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Casino Association of New Jersey appoints Callender president

Casino Association of New Jersey appoints Callender president

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ATLANTIC CITY — The casino industry’s lobbying group has appointed a seasoned veteran to lead them following the abrupt departure of his predecessor.

Steve Callender has been named president of the Casino Association of New Jersey, a trade organization that represents the collective interests of all nine Atlantic City casino properties.

Callender, 65, is the senior vice president of operations for the East Region of Tropicana Atlantic City’s parent company, Eldorado Resorts Inc.

Having spent his entire 41-year gaming career in Atlantic City, Callender is among the industry’s longest-serving executives. He became Tropicana Atlantic City’s top executive in 2018 following the sale of the company to Reno-based Eldorado Resorts.

“I’m the oldest guy in town,” Callender joked Wednesday. “But any single one of us could do it. There’s a lot of experience in the room. ... It’s just my turn, I guess.”

Callender assumes the role vacated by Kevin Ortzman, the former regional president of Caesars Entertainment Corp.’s three Atlantic City properties. Ortzman and Caesars Entertainment parted ways in August after the former executive was named in a wrongful termination lawsuit by a former employee.

Ortzman was named in the factual allegations of a wrongful termination suit filed in May by a former employee. Caesars filed a response to the civil lawsuit in July and denied the allegations against the company and Ortzman, who is not listed as a defendant.

With gaming revenue on the rise for the past 15 months following the dual openings of Hard Rock Hotel & Casino Atlantic City and Ocean Casino Resort but overall profits declining due to increased competition, both locally and regionally, Callender said the Casino Association remains focused on promoting positive changes for the industry.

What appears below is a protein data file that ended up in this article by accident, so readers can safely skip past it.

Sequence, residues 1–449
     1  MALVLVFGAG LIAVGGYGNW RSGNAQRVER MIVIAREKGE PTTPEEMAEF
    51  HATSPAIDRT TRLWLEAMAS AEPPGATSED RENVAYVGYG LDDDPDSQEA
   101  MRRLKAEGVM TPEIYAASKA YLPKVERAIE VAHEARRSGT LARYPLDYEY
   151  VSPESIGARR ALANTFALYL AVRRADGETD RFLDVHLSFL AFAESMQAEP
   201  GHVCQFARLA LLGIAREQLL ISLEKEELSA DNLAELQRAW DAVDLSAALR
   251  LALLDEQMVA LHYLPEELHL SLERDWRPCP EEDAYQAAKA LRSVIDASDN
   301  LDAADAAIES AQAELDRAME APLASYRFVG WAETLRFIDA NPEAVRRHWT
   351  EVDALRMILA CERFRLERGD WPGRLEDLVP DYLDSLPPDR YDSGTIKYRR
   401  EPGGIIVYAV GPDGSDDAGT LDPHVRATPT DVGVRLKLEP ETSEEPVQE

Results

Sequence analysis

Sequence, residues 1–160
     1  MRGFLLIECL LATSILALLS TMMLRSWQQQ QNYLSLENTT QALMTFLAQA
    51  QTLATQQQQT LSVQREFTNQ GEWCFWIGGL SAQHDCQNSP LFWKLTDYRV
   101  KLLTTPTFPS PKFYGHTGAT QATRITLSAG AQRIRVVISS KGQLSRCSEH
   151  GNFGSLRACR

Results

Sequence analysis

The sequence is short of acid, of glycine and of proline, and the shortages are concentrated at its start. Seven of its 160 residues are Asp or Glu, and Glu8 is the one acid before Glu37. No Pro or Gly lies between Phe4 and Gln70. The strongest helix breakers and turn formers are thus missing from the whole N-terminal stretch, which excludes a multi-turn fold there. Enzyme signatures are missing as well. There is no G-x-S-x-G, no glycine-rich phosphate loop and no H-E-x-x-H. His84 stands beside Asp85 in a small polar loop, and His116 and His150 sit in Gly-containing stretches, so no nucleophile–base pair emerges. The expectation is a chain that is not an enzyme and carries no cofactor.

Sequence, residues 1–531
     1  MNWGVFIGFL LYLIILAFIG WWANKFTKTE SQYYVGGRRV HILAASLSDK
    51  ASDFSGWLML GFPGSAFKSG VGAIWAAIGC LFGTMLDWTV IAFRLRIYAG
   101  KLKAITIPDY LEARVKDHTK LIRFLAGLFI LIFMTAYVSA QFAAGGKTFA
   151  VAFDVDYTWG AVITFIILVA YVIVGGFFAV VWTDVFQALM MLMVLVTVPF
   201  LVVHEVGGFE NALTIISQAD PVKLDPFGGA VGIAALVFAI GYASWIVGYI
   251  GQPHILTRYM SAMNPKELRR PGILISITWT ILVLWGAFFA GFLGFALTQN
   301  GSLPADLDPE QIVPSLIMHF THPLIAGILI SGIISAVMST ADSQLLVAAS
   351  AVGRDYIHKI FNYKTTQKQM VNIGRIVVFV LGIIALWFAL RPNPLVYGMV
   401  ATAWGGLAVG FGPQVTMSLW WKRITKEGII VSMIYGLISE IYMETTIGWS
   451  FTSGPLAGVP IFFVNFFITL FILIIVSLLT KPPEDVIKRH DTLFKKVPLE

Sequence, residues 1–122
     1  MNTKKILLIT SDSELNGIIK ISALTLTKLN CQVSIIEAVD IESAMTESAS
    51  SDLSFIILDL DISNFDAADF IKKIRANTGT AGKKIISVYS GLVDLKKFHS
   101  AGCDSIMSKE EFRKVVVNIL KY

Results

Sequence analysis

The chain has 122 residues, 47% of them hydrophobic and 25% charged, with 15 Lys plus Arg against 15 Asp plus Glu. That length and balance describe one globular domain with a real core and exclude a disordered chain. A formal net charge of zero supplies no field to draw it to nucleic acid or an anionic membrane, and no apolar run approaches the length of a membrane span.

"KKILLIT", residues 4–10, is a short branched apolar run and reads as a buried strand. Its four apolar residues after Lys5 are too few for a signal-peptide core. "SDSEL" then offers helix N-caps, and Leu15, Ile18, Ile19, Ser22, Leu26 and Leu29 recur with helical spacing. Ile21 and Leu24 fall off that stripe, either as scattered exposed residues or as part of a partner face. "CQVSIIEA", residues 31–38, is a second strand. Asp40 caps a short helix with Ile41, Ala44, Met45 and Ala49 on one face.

“We want to make sure that (lawmakers) are looking at every angle of things,” he said. “We try to make sure that when they’re doing something that is going to change our industry and help our industry, that we’re doing it in the best way possible.”

Recently, the Casino Association has been preparing the city’s nine casino properties to implement a new state law that requires larger hotels to provide emergency devices for employees. Callender said the city’s casino hotels will be in compliance by Dec. 1.

The arrival of sports betting in New Jersey and the growth of online gaming are two areas the Casino Association is paying close attention to, Callender said. While online gaming is helping to significantly boost revenue numbers for several Atlantic City casinos, sports betting is driving new customers to the resort, Callender said.

“It brings more retail people and, I think, it’s bringing a new demographic to the properties,” Callender said of sports betting’s impact in Atlantic City. “We’re seeing more food and beverage revenue, we’re seeing more unrated table play, more cars parked and more people staying in rooms. So the retail component (of sports betting) is absolutely having a positive effect on our business.”

Online gaming also is having a positive impact on Atlantic City, Callender said, countering the notion that people who gamble over the internet are avoiding coming to the resort.

“The studies that we’ve done at Tropicana prove that that’s not true,” he said. “It’s a different customer (than a traditional player). It was surprising to me, but it’s bearing out to be the truth.”

Contact: 609-272-7222

Twitter @ACPressDanzis

Staff Writer

I cover Atlantic City government and the casino industry since joining The Press in early 2018. I formerly worked as a politics & government reporter for NJ Herald and received the First Amendment: Art Weissman Memorial NJPA Award two years in a row.

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